PLOS Medicine Associate Editor, Thomas McBride, reflects on the 2007 research article that investigated whether lethal injection consistently induces a painless death.
The December 7, 1982 execution of Charles Brooks Jr. in Texas marked the first use of lethal injection, conceived as a painless and more “humane” alternative to the electric chair. With the patient laying on a gurney, heart monitored by an ECG and an IV drip in arm, the new procedure certainly looked like a controlled death delivered by medical science. Over the next three decades lethal injection would become the most common form of execution in the United States and worldwide. But when reports of complications arose, the public and lawmakers began to question whether inmates were being forced to needlessly suffer. By 2006, 11 states had suspended executions while they considered changing the protocol. In a 2007 PLOS Medicine research article, Leonidas Koniaris and colleagues asked whether lethal injection truly delivers a consistently painless execution.
The article was an interesting choice for a medical journal. Despite appearances, lethal injection is anything but a controlled medical environment. Ending the life of a physically healthy person against his or her will is antithetical to medicine, which is why the technician who attaches the IV is not a doctor or nurse. The protocol was designed not based on experimental evidence, but the personal experience of Oklahoma state medical examiner Jay Chapman. Academic editor Clifford Woolf recalls the decision to publish was a “tough call, since it could be argued the paper better belonged in journal specializing in ethical or legal issues.” In an Editorial that ran in the same issue, the PLOS Medicine Editors expressed hopes that the data presented in the research article would convince US lawmakers that execution is inhumane.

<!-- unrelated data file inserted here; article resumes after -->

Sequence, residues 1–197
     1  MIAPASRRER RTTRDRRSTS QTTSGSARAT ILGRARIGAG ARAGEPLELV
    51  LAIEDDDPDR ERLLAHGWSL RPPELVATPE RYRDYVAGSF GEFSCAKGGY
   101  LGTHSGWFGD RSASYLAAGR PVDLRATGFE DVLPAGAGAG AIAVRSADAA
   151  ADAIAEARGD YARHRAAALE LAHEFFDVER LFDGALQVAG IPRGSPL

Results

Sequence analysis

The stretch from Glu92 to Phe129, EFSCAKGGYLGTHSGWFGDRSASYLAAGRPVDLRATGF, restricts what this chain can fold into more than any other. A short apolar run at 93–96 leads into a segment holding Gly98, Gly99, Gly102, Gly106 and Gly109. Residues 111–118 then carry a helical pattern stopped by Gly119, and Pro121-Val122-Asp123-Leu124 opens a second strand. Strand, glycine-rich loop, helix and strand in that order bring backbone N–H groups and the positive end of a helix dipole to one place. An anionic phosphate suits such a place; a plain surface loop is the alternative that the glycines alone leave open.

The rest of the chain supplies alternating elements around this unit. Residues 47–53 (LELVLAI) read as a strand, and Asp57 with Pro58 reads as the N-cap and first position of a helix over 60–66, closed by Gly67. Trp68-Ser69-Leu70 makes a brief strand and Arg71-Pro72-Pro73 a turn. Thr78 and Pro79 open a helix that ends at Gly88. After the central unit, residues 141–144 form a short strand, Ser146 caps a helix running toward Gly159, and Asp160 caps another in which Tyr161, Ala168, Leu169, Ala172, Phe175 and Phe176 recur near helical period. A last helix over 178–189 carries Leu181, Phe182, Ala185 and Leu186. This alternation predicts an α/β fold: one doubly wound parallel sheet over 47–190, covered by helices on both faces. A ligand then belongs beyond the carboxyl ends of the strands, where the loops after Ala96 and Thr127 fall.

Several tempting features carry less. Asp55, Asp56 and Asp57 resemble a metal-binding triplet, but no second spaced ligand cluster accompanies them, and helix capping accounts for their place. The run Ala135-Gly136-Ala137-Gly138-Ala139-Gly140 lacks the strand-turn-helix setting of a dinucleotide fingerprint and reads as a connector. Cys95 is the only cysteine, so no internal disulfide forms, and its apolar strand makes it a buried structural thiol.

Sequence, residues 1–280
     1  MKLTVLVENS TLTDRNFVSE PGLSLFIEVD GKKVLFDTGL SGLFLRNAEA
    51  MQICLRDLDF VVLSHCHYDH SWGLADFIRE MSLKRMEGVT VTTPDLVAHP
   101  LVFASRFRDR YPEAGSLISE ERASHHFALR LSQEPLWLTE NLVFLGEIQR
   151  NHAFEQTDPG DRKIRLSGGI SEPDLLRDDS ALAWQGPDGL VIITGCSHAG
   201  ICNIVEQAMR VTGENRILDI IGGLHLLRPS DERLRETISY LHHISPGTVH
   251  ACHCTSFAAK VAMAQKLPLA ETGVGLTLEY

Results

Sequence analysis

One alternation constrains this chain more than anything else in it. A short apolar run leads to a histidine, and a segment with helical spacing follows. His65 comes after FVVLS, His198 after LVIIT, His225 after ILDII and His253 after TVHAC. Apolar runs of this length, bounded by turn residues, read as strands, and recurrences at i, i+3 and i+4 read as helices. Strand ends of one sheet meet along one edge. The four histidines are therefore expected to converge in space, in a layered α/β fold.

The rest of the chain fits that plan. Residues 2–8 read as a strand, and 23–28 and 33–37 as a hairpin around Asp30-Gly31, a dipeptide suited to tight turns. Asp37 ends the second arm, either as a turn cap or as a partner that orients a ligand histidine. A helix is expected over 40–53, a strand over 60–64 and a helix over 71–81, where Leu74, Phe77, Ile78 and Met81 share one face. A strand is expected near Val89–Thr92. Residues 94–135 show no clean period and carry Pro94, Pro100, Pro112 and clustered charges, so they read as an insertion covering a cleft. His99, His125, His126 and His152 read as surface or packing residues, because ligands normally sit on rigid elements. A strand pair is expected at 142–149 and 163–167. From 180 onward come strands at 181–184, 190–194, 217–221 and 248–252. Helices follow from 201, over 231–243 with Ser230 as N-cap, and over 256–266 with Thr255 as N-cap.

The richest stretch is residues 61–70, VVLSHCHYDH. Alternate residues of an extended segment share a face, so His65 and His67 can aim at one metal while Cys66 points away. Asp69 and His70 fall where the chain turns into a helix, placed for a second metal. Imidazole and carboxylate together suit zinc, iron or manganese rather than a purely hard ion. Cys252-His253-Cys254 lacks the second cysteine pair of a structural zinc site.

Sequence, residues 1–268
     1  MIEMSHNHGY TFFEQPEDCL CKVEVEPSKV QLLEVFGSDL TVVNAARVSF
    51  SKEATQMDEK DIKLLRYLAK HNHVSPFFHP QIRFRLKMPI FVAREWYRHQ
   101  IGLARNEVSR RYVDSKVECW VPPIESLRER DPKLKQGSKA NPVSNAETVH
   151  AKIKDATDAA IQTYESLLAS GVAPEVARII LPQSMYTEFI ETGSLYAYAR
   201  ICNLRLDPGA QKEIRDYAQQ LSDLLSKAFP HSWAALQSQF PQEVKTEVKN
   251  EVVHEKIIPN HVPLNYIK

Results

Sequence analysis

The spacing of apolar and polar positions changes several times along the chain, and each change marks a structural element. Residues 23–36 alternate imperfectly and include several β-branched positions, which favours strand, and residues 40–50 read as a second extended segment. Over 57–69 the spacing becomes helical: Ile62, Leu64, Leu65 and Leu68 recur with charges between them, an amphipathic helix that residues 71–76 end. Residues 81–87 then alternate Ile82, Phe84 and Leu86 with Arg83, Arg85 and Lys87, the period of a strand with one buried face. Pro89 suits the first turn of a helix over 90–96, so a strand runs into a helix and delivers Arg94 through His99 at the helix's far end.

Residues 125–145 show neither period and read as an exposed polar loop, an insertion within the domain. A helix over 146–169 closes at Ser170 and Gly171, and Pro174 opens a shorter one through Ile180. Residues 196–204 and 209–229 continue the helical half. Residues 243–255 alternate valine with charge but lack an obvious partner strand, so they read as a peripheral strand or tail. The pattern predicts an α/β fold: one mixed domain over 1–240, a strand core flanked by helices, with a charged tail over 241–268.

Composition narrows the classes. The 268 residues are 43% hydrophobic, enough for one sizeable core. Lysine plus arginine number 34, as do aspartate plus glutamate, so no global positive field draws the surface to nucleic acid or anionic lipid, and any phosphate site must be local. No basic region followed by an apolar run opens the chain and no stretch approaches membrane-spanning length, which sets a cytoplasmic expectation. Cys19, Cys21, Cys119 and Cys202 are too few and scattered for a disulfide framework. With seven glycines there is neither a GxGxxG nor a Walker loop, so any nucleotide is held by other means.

The topic was also a departure from the norm for Koniaris and his colleagues, primarily cancer researchers. Lead author Teresa Zimmers recalls it was difficult to fit this research around their “day jobs” but that despite the sacrifices, they were “excited to add knowledge about the process and to help shape the debate.”
Adding to the authors’ difficulty, while lethal injection has been practiced in 37 different states, and a number of states collect data on their executions, only a few states release this information. The authors worked with what they could get their hands on. The states who did allow the researchers access to data all used versions of the three drug protocol originally devised by Chapman: 1) The fast acting anesthetic sodium thiopental, expected to render the inmate unconscious and induce death “within 1-2 minutes” by depressing respiration. 2) The paralytic pancuronium bromide, which should also stop respiration. 3) Potassium chloride, which should produce cardiac arrest. It was thought that any of the three drugs would be lethal on their own; the only reason to use them in combination was redundancy.